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Artist Tip: Watercolor pencil drawing for a watercolor painting

orchid-watercolor-pencil-drawing

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If you want the lines of your under drawing to disappear when you make a watercolor painting, draw with a watercolor pencil in a lighter hue that will blend in with the final painting. These orchids were bright orange, yellow and red, so I used a yellow ochre pencil for the drawing. Watercolor purists never erase their graphite pencil lines and leave the drawing as a part of the final work, or they work totally with paints and brushes with no pencil drawing at all. This watercolor pencil drawing trick gives you a solution somewhere between the two traditional methods where the under drawing vanishes and you will not have to rub an eraser over your painting.

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orchid-painting-2016

How to Brush Paint Bamboo with Ink

July 31, 2015 2 comments
I made a batch of paper that came out thick, with a rough surface but soft and fibrous. It just loves to soak up ink like a paper towel.

I made a batch of paper that came out thick, with a rough surface but soft and fibrous. It just loves to soak up ink like a paper towel.

Painting bamboo with ink in the Chinese brush painting / Japanese sumi-e style is really relaxing. Trying to create my own bamboo art gave me an even bigger appreciation for the masterful works of Asian artists. I have some oddball hand-made paper that I created that needs to be used up. What I made is too soft for drawing and not strong enough for many paper crafts; so the brush paintings will be sent out as mail art. The bare minimum you need to get started is paper, a brush and ink. I like grinding an ink stick on the stone because it is also relaxing. If you feel bored or stressed out, give this a try. I have collected two videos and some scans from Japanese Ink-Painting:Lessons in Suiboku Technique by Ryukyu Saito [Charles E. Tuttle Co., 1959] so you can get started right away.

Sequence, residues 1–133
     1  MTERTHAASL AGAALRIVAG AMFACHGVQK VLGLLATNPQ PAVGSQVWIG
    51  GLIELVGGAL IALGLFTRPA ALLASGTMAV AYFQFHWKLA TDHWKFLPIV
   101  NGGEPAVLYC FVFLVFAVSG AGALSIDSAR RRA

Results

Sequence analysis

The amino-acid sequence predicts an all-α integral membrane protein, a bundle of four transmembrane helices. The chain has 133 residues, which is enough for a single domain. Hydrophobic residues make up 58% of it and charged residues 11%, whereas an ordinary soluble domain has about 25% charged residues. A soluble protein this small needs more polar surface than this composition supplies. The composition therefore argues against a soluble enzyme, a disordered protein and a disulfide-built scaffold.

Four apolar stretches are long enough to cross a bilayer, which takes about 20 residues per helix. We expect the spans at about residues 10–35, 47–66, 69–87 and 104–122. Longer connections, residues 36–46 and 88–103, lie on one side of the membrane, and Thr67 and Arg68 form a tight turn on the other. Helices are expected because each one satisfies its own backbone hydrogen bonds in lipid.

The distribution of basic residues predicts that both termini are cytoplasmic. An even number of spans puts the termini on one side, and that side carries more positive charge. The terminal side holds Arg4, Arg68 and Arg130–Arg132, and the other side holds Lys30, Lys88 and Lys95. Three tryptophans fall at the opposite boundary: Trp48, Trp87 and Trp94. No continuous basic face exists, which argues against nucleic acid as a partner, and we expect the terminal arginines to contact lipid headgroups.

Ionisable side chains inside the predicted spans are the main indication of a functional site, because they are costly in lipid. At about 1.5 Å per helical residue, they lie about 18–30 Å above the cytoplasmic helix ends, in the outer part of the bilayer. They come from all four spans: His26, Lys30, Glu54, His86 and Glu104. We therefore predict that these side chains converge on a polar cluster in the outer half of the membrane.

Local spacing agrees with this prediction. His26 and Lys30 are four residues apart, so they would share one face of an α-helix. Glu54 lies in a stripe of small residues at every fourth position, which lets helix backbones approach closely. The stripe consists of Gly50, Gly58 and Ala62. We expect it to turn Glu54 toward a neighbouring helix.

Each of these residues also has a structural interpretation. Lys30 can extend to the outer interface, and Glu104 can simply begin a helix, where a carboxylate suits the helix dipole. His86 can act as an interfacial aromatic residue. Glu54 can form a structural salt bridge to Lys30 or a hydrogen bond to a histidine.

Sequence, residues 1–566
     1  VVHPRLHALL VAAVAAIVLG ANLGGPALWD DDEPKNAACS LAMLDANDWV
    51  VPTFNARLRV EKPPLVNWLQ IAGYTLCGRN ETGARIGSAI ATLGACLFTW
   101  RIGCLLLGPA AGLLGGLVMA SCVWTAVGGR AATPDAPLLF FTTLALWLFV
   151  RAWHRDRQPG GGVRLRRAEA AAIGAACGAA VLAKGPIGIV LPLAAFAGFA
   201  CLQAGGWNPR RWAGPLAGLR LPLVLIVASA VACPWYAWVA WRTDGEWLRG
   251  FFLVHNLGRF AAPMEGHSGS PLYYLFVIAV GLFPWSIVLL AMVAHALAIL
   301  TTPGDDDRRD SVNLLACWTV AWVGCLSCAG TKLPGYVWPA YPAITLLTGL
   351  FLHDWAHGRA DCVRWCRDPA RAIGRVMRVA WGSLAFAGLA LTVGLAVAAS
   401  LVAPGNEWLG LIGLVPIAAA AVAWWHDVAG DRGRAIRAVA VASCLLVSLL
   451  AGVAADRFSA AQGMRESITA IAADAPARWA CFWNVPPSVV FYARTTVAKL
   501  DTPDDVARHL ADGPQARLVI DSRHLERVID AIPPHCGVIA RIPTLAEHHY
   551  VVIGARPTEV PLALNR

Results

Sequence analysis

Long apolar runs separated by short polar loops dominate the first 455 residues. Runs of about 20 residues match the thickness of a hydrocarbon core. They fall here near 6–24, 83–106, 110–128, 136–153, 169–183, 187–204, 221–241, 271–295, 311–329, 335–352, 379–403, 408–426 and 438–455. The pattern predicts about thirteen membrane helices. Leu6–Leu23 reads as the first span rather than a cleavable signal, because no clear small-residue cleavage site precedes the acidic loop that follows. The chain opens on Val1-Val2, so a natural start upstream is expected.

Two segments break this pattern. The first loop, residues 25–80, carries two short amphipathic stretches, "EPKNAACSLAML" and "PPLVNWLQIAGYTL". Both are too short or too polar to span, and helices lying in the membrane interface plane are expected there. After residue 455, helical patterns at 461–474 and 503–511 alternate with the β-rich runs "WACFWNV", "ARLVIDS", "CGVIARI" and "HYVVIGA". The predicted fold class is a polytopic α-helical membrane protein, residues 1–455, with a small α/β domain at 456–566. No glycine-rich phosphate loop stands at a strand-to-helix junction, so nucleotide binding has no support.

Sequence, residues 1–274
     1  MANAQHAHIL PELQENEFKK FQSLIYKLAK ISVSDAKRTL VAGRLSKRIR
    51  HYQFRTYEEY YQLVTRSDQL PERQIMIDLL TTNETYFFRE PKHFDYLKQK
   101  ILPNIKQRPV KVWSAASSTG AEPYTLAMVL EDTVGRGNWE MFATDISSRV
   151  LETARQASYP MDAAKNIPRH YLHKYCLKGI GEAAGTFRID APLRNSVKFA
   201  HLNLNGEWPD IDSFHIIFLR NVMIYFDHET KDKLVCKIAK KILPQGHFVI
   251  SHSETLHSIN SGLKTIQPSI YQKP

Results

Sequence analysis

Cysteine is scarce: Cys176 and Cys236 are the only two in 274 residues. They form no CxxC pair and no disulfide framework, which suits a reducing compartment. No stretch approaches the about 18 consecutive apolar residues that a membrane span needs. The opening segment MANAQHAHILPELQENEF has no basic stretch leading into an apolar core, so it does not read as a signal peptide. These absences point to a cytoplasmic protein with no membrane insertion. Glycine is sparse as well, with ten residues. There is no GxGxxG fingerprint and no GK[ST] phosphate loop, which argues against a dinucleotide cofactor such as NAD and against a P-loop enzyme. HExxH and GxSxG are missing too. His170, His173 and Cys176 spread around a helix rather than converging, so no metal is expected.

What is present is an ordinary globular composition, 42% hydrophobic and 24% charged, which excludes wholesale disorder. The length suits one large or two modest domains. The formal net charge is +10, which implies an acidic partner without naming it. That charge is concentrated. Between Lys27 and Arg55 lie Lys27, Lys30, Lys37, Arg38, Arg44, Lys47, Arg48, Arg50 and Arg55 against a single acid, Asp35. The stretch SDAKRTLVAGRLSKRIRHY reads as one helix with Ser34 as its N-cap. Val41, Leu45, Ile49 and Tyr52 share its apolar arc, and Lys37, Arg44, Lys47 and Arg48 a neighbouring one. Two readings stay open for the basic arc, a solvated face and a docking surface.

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Categories: Fun Stuff, Mail Art, Painting

How to Use Landscape Composition Formulas

July 30, 2015 1 comment

The Artist’s Magazine January/February issue 2015 had an article on landscape composition, but it was these thumbnail sketches that illustrate the concepts which I found to be the most helpful. Reading through a lot of descriptive language is a lot slower for me to do than just seeing an illustration of the concepts. Landscape painting is not really my thing but I have attempted a few canvases. I learned from the article that landscapes can be composites made of elements pulled together rather than a recording of what one may see if they were standing at a particular place in person.

The 14th sketch is really just a viewfinder made of four strings attached to the opening of a mat. It is more of a composition tool than than a composition formula. Maybe there was an editorial push by the magazine for the author of the article to come up with an even number of formulas.

Landscape comps 01

Landscape comps 02

Categories: Artist Tips, Painting

Inchies: A dangerous addiction

If you want something fun and challenging and like to make miniatures, inchies are a dangerous addiction. The challenge is to make a one inch square artwork. I think they are a lot of fun. I like to do pen and ink with watercolour, but have done fully painted, colored pencil and mixed media inchies. Two sets were sold and the others were mail art inchie trades I did from 2013 to present.

Like ATCs, you want inchies to be card thickness, 140# to 300# water color paper, illustration board, Bristol board or mounted on chipboard. I tend to use watercolour paper or paste thinner drawing paper onto cereal box board. I have my traded inchies from other artists in plastic pages in a binder. I have the pages made for collecting Pogs, but postal stamp album pages also work well. Some collectors glue them onto sheets to make “inchie quilts” by placing them together with the edges touching to create a larger artwork out of all the individual inchies.